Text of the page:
- The current owner or occupier of the land: including both the owner and occupier is a significant expansion from the existing position that solely includes owners;
- Former owners: the person or corporation that occupied the land at the time the relevant circumstances first came into being.
Civil and criminal penalties may be enforced on any such entity.
The new Act will significantly alter the position on contamination management and reporting.
Re-shaping the framework with a preventative focus, three key duties are developed.
General Environmental Duty (GED)
The GED places an obligation on relevant stakeholders to undertake reasonably practicable steps to prevent or reduce the risk of harm to humans and the environment.
Duty to Manage Contaminated Land
Landowners are now required to be aware of contamination if the information is reasonably accessible. This eliminates any possibility of ignorance as a defence and places greater significance on due diligence.
Duty to Notify of Contaminated Land
"Notifiable contamination" provides a threshold, by which landowners may classify property contamination. Together, the legislation and regulations provide a clear definition. In the event the land is not covered in the regulatory definition, a monetary threshold for land remediation costs is provided in the legislation.
Severe civil and criminal penalties apply for breach of these duties, extending to a larger number of entities than previously permitted.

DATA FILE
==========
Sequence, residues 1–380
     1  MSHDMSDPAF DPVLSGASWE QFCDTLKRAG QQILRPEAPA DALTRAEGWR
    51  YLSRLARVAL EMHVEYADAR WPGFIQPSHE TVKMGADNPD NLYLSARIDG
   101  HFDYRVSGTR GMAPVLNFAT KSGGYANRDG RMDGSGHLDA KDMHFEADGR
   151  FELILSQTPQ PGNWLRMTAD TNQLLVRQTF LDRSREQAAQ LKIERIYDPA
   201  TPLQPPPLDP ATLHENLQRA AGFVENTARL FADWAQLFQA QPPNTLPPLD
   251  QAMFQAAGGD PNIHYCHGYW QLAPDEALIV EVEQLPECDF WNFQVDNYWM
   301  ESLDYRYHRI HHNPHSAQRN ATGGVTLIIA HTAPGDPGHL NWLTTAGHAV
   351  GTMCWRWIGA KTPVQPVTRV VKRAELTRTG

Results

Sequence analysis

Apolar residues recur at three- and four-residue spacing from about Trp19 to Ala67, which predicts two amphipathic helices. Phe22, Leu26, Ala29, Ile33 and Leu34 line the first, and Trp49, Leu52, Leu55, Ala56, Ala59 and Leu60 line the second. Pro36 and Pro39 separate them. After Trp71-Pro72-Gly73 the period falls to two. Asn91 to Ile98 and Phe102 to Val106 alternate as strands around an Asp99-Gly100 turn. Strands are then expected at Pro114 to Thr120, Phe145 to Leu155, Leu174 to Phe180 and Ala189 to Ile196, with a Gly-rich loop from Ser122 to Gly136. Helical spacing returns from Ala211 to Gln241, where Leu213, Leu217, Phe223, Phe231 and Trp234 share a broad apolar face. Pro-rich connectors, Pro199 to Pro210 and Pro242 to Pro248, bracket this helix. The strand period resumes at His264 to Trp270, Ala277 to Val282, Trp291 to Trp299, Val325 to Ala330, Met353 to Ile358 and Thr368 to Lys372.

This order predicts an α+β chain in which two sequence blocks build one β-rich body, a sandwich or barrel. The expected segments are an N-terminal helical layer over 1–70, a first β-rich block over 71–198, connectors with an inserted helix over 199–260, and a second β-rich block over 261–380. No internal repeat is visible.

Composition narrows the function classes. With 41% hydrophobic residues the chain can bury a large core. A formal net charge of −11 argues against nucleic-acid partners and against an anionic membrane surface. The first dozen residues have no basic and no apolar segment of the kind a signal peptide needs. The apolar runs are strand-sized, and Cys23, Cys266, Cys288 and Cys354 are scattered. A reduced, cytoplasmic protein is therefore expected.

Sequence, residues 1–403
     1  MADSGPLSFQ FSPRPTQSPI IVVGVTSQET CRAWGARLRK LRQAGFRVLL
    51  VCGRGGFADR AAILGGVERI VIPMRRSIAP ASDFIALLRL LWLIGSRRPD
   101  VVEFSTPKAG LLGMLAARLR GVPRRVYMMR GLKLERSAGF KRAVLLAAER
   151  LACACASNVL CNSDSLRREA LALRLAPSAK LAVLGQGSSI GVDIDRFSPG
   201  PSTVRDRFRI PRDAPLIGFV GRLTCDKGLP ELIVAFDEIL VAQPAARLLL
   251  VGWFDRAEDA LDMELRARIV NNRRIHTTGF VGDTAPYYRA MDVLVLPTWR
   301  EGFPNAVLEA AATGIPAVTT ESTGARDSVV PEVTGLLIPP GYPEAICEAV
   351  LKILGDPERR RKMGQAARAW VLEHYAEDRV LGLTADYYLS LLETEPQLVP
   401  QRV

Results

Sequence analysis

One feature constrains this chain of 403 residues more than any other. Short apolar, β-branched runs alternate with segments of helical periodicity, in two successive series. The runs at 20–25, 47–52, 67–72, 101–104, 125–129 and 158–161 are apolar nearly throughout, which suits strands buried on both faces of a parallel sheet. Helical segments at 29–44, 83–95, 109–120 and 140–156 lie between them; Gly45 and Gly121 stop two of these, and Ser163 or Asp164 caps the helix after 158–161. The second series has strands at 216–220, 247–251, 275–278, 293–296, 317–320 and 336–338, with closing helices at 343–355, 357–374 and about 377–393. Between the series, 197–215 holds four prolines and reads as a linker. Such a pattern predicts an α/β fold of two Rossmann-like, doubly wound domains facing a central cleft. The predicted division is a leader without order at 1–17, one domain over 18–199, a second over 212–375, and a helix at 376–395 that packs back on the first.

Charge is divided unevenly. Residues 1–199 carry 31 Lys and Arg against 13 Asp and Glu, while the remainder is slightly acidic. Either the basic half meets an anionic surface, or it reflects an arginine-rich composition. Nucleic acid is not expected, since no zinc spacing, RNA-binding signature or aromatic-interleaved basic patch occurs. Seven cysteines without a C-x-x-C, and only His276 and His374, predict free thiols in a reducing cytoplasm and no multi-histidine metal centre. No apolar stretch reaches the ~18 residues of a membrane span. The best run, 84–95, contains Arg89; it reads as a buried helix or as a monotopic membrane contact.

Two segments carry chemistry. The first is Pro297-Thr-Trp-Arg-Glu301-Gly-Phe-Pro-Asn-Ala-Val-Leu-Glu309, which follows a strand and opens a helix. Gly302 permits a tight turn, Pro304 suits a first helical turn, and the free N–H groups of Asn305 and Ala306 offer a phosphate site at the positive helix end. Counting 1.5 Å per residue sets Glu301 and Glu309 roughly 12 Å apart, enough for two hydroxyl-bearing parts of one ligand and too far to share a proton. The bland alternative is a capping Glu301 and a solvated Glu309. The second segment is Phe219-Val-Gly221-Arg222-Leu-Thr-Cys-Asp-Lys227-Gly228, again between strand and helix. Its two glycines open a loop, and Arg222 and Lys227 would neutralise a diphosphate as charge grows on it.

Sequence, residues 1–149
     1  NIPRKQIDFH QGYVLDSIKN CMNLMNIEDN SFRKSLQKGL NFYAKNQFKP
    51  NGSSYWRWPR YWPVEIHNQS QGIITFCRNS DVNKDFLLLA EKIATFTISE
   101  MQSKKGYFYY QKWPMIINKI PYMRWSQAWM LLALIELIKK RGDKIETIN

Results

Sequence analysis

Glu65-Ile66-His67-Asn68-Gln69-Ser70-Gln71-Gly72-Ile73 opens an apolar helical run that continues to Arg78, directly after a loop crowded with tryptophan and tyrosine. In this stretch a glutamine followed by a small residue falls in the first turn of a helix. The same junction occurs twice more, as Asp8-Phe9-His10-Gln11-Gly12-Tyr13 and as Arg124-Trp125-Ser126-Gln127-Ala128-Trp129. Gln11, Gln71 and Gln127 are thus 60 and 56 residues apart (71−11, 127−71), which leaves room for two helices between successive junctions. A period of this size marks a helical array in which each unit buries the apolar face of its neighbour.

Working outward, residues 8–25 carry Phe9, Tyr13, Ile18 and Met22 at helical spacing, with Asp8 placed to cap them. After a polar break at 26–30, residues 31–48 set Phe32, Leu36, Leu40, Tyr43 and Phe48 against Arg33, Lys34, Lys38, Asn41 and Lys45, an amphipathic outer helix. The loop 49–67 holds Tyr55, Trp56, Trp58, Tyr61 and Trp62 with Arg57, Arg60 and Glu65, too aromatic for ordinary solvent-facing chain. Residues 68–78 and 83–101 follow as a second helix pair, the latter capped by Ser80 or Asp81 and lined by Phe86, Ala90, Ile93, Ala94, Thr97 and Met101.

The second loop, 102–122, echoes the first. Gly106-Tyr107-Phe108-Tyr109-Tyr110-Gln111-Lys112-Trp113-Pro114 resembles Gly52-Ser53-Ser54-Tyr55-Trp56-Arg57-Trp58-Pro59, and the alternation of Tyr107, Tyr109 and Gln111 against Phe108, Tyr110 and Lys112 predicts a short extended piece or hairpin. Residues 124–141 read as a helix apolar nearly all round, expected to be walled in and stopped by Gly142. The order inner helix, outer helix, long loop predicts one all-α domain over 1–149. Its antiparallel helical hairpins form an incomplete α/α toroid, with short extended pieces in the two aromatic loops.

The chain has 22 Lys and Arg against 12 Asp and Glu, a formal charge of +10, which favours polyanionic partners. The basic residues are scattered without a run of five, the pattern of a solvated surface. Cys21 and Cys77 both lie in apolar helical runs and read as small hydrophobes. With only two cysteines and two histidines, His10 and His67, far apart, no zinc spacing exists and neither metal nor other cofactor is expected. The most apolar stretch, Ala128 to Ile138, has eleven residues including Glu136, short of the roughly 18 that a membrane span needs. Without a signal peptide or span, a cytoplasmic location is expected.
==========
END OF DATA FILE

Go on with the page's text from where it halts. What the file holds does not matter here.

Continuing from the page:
From July 2021, relevant organisations will be required to establish and maintain a contamination system that operates to minimise environmental and human harm.
A contaminated land register will be implemented, requiring the ongoing identification and management of contaminated sites.
To prepare for these changes and ensure compliance with the legislative amendments, landowners may take steps to review current:
- environment and safety manuals
- procedures and training
- reporting methods; and
- waste management procedures and policies.
Landowners may consider volunteering for PRS screening as a cost-effective method of avoiding being subject to a scaled audit. It's important to be aware that "high-level" generic environmental policies will no longer be sufficient under the more stringent, prescriptive legislation.
Contact us for more information
If you're unsure about your obligations to comply with the new legislation by 1 July 2021, contact a Lander & Rogers representative for more information and support.
Australia currently has an overlay of both Commonwealth and state/territory environmental regulatory frameworks.
At the Commonwealth level, the Environment Protection and Biodiversity Conservation Act 1999 (EPBC Act) manages the matters of national environmental significance.
Under this, an extensive network of state legislation provides for clear administrative mechanisms and enforcement by local authorities:
- Australian Capital Territory (ACT): Environment Protection Act 1997
- New South Wales (NSW): Protection of the Environment Operations Act 1997
- Northern Territory (NT): Waste Management and Pollution Control Act 1998
- Queensland (QLD): Environmental Protection Act 1994
- South Australia (SA): Environment Protection Act 1993
- Tasmania (TAS): Environmental Management and Pollution Control Act 1994
- Western Australia (WA): Environmental Protection Act 1986
- Victoria (VIC): currently the Environment Protection Act 1970, soon to be replaced by the Environment Protection Amendment Act 2018 on 1 July 2021
All information on this site is of a general nature only and is not intended to be relied upon as, nor to be a substitute for, specific legal professional advice. No responsibility for the loss occasioned to any person acting on or refraining from action as a result of any material published can be accepted.